California’s official seal and flag (which, interestingly enough, in its first iteration [pictured] shows the grizzly walking upright)
Before there were people on the earth, the Chief of the Sky Spirits grew tired of his home in the Above World, because the air was always brittle with an icy cold. So he carved a hole in the sky with a stone and pushed all the snow and ice down below until he made a great mound that reached from the earth almost to the sky. Today it is known as Mount Shasta. Then the Sky Spirit took his walking stick, stepped from a cloud to the peak, and walked down to the mountain. When he was about half-way to the valley below, he began to put his finger to the ground here and there, here and there. Wherever his finger touched, a tree grew. The snow melted in his footsteps, and the water ran down in rivers. The Sky Spirit broke off the small end of his giant stick and threw the pieces into the river. The longer pieces turned into beaver and otter; the smaller pieces became fish. When the leaves dropped from the trees, he picked them up, blew upon them, and so made the birds. Then he took the big end of his giant stick and made all the animals that walked on the earth, the biggest of which were the grizzly bears.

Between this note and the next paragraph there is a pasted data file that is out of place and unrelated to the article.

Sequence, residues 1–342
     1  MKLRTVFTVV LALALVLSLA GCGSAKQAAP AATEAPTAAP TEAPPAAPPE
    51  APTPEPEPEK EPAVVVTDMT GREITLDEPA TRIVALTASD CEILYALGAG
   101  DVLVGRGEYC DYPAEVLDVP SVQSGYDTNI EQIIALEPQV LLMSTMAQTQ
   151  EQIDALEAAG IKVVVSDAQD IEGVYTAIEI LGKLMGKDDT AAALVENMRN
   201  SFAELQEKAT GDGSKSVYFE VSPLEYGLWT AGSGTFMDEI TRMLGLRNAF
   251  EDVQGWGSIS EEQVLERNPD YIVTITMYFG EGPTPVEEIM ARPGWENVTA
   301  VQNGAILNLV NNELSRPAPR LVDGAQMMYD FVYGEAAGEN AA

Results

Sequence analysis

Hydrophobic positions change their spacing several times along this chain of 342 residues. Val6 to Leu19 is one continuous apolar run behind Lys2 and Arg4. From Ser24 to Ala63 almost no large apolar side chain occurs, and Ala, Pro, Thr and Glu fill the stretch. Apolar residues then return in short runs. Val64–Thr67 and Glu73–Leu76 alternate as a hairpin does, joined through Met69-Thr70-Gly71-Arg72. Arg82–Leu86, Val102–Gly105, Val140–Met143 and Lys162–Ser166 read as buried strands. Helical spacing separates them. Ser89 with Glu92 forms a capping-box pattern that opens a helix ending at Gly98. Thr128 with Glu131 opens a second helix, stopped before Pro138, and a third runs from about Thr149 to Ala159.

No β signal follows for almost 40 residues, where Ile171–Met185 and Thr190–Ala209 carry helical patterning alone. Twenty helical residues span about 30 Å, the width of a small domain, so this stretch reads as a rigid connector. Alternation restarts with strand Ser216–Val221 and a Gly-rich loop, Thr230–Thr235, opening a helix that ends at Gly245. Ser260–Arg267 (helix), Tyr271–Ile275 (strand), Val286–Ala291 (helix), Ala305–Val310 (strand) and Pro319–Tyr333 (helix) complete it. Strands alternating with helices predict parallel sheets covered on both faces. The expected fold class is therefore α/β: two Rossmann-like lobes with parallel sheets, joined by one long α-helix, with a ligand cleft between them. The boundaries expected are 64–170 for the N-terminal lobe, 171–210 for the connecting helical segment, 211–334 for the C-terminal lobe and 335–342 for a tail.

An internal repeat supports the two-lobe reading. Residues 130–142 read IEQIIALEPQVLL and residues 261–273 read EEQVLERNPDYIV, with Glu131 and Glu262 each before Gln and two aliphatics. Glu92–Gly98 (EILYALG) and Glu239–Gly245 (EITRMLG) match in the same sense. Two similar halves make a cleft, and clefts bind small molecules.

— from “When Grizzlies Walked Upright” in American Indian Myths and Legends (Pantheon 1984), Richard Erdoes and Alfonso Ortiz
Chief of the Sky Spirits is the creator figure in the creation myths of the Medoc, the indigenous people of northeastern California and central Southern Oregon (although they currently reside in Oregon and Oklahoma). In this account of creation, reported by ethnologist Ella E. Clark (1896–1998), Chief of the Sky Spirits creates all the animals — including the animal that graces California’s official seal and flag (which, interestingly enough, in its first iteration [pictured] shows the grizzly walking upright).